Humanitarian organization prepares for relief efforts for severely impacted districts.
More than 270 people were killed and more than 60,000 displaced by a magnitude 5.6 earthquake that rocked the earthquake-prone nation of Indonesia on November 21, 2022. According to local authorities, the earthquake’s epicenter was situated around 47 miles (75 km) southeast of Jakarta, the capital of Indonesia, close to Cianjur town in West Java.
The quake, which occurred at a shallow depth of six miles (10 km), is still being investigated by officials to establish the full extent of its devastation. More than 25 aftershocks were detected by Indonesia’s Meteorology, Climatology, and Geophysical Agency (BMKG). Local authorities claim that a fault in the north Cimandiri fault line that has not yet been documented caused this shallow earthquake.
The number of deaths reported is expected to increase as search-and-rescue activities get underway, according to an immediate assessment of the situation by the Adventist Development and Relief Agency (ADRA) Indonesia. The West Java towns with the highest reported death rates were located in the Cilau, Cianjur, and Cugenang subdistricts. Indonesia is a country that lies along the Pacific Ring of Fire, where frequent earthquakes and volcanoes result from the collision of several plates of the earth’s crust.
Since the aftershock, people are reluctant to stay in their damaged homes. Numerous locations experienced landslides, cutting off partial access to Cianjur. The number of severely, moderately, and slightly damaged homes is still being verified by local authorities. Several government buildings, places of worship, and schools suffered damage due to this natural calamity. Downed electricity and communication connections are making communication efforts difficult.
Government officials have already established communal tents and open kitchens for displaced families in the areas surrounding the city. Subdistricts that are affected are yet to form evacuation sites for displaced families. Some affected families opted to build make-shift tents in public areas or close to their damaged homes using tarpaulins.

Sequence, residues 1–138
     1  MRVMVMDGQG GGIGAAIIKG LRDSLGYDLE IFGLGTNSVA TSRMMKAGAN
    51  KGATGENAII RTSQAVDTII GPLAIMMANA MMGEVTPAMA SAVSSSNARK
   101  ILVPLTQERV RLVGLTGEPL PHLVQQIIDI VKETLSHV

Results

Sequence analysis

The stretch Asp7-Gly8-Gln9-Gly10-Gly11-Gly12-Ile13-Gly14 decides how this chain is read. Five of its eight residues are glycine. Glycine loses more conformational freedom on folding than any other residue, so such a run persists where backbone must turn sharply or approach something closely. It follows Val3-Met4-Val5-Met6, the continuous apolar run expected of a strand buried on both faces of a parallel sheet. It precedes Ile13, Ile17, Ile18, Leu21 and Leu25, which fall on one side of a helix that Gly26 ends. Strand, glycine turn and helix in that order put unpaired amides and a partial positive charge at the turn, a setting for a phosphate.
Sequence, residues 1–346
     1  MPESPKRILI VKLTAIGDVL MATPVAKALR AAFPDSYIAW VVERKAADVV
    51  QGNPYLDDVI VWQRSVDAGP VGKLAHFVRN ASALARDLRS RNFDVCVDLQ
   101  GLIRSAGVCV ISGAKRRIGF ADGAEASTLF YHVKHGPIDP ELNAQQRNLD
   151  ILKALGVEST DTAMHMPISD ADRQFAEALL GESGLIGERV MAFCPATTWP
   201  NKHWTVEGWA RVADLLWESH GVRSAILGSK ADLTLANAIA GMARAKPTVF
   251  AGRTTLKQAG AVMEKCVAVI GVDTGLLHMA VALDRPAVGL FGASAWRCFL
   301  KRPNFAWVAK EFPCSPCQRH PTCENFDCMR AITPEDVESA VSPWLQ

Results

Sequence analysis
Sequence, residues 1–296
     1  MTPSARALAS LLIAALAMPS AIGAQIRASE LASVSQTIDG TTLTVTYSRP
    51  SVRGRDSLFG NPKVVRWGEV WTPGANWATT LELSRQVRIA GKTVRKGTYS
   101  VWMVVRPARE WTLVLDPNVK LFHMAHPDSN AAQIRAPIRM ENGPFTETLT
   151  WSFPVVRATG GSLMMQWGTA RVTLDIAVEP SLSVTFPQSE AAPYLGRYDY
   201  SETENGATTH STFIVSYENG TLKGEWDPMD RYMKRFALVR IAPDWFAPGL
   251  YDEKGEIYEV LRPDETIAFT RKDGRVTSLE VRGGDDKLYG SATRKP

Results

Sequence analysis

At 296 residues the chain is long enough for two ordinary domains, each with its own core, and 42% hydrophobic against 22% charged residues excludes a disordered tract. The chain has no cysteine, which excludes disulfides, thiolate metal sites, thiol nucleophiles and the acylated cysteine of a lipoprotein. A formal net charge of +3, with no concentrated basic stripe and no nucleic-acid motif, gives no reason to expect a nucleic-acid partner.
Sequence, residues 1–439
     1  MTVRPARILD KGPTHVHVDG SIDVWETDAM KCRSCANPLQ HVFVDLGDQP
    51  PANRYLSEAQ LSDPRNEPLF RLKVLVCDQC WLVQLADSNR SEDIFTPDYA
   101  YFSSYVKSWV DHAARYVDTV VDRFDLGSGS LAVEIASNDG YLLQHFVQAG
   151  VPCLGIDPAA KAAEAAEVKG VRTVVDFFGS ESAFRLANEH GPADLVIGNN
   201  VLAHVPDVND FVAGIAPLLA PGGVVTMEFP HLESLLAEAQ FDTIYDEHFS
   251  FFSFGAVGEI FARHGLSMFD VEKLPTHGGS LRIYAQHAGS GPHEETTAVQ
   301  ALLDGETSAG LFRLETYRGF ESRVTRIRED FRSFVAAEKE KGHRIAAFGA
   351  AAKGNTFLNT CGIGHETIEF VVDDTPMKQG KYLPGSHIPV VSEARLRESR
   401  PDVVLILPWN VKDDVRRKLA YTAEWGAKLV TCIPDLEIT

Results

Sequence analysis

Data was gathered by ADRA from local churches, NGOs, WhatsApp groups run by the government, and online meetings, including ones with the logistic cluster headed by the country’s National Agency for Disaster Countermeasure (BNPB). ADRA personnel from Jakarta were dispatched to examine the situation and identify greatly impacted households that are most at risk. ADRA Indonesia is preparing to distribute shelter kits as an initial response to affected districts.
“ADRA is already on the ground, working with the local government, other trusted partners, and churches to quickly assess the situation,” ADRA International senior emergency program manager Elizabeth Tomenko said. “ADRA emergency response teams are deployed to the hardest hit areas to identify and assist vulnerable families and individuals. Our country office will begin distributing shelter kits so that community members can construct or improve emergency tents near their homes. ADRA also plans to launch a safety and security education campaign to inform families about the risks of aftershocks and landslides,” she said.
Rancagoong village in the Cilau sub-district, Limbagansari village in the Cianjur sub-district, and Cijedil village in the Cugenang sub-district are the most impacted places.
More tents, heavy machinery to clear the road of landslides, generators for electricity, bedding kits, shelter kits, and gasoline are currently being requested by the local government of Cianjur. ADRA Indonesia is preparing to provide kits to help impacted households construct or upgrade the emergency tents they currently have close to their homes. Assessments show that displaced families need shelter kits for family tents, bedding, public kitchens, gensets, health facilities, and physicians.
The original version of this story was posted on the Southern Asia-Pacific Division news site.